The UN urges all concerned to ensure a level playing field for all candidates, including equality of chances in full respect for Tunisian law and the prerogatives of the judicial branch. We remind the authorities and candidates of their responsibility in ensuring peaceful elections and resolving any complaints through the constitutional process.
Our humanitarian colleagues say that more than 90,000 people have been affected by floods caused by heavy rains and thunderstorms in Yemen since 27 September. Most of the affected people — 70 per cent — are in Hajjah Governorate. Humanitarian agencies have stepped in to provide initial assistance. Residential areas, sites for displaced people, farms and water reservoirs have been damaged. Humanitarian agencies are undertaking more detailed assessments.
**Concert for Climate Action
I wanted to add a musical note. The UN Chamber Music Society will hold a concert for climate action on Tuesday, 8 October, at the Weill Recital Hall at Carnegie Hall. During the concert… sorry, we have details of the concert, which is always great music from our colleagues, available in my office.
And lastly, we are now up to 128 [fully paid up Member States] thanks to Cameroon, which has paid its dues to the regular budget. Edie?
**Questions and Answers
Question: Thank you, Stéph. On the announcement that you made from the Secretary‑General on protests, could you tell us what specific countries the Secretary‑General was referring to?
Spokesman: Look, we have seen over the last months demonstrations in various parts of the world, whether in Ecuador, in Hong Kong, in South Africa, in Egypt. You know, and I’m just saying these off the top of my head in terms of what’s been in the news, and they aren’t the only ones. I think by… they’re not the only ones by far. But I think the Secretary‑General is concerned, as he said it in his General Assembly speech, one, on the shrinking civic space and, also, I think it bears reminding, as we have been doing here, of an important principle of the right for people to assemble peacefully, to demonstrate peacefully, and for the use of proportionality by law enforcement officers. James?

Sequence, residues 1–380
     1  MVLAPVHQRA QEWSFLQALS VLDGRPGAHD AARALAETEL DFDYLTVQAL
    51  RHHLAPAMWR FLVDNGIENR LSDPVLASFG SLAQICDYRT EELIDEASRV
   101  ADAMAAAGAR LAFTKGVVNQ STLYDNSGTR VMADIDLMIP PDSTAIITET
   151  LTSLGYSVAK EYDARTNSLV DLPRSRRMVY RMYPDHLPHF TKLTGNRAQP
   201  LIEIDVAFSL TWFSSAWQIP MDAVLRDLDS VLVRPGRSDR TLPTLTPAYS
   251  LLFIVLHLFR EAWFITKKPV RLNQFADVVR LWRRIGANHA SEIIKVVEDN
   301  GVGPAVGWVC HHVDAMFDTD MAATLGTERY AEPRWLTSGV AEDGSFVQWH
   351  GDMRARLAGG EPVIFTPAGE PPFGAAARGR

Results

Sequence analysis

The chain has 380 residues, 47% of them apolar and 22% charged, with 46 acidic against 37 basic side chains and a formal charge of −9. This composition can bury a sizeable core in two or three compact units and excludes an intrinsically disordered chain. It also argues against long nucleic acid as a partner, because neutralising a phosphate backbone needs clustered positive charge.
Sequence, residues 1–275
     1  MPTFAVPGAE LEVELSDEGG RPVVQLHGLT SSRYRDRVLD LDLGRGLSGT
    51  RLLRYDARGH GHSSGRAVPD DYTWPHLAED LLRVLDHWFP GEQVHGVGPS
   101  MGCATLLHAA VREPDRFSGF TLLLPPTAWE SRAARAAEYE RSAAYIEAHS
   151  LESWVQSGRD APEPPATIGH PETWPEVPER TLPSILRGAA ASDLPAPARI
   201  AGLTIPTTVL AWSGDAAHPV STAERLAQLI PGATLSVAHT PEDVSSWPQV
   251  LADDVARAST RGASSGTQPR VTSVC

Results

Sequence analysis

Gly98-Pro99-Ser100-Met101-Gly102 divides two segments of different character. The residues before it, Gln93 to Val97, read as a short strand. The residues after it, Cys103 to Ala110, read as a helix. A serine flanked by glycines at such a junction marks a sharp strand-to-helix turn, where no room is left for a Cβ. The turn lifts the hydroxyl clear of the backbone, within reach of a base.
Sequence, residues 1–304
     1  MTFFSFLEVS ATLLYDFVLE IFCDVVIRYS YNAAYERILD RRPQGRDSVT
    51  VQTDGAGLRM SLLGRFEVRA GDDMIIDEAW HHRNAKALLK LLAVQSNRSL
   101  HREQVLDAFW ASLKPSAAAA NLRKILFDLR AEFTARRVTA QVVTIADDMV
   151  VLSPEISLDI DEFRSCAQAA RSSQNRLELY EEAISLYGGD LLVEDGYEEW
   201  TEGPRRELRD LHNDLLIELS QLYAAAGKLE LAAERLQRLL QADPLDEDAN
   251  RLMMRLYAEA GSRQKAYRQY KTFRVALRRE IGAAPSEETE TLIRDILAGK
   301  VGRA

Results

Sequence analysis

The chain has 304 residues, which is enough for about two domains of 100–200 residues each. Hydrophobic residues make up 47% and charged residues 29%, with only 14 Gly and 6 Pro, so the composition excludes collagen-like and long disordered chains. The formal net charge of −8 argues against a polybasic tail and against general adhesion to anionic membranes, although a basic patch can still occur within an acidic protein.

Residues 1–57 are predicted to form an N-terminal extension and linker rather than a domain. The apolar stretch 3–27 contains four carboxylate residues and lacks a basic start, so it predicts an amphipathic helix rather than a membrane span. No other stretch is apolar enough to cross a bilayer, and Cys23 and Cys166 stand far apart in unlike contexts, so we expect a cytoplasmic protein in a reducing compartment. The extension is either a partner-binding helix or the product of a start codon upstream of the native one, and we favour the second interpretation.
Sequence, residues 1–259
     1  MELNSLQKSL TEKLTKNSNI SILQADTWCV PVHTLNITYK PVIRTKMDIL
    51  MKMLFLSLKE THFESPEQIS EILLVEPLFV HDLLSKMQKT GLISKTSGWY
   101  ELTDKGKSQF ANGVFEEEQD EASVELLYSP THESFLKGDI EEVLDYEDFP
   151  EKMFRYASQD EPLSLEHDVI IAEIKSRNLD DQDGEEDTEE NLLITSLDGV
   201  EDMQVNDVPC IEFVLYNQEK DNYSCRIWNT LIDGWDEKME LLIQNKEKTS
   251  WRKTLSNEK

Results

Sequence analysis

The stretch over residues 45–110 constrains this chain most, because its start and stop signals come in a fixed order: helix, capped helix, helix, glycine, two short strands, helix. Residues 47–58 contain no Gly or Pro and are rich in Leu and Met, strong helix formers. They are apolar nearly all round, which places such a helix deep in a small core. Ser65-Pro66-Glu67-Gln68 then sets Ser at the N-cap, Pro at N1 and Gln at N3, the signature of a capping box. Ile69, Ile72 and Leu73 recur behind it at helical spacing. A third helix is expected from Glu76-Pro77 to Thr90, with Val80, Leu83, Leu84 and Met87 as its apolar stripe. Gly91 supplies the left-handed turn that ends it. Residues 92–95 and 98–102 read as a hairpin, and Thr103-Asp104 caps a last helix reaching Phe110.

Question: So, you’ve said that the general statement by the Secretary‑General among the places it applies is Hong Kong. Let me ask you a couple of questions about Hong Kong, if I can. The decision by the Chief Executive, Carrie Lam, to invoke colonial‑era emergency powers and ban face masks, does the UN believe that is an appropriate measure? What is your reaction to the fact that, in the last few minutes, we have news that a 14‑year‑old boy has been shot in the thigh — again, live ammunition being used? Are the Hong Kong police acting in a heavy‑handed manner? And my last question, what is the UN’s involvement? What do you have on the ground? Do you have anyone there who is observing from the Human Rights Office or anyone?
Spokesman: No, I’m not aware of… sorry.
Question: And what interaction has there been by any UN official with the Chinese about their conduct?
Spokesman: I’m not aware of us having any presence in Hong Kong. I haven’t seen the reports that you mention on the demonstrators, but I think, again, I would refer you to our principled position on the use of force. And I have no specific comment on the law enacted by Carrie Lam.
Question: And so, what about the interaction between anyone, Secretary‑General, Under‑Secretary‑General DiCarlo, any other UN official who has been in touch with the Chinese to pass on your message about restraint and…?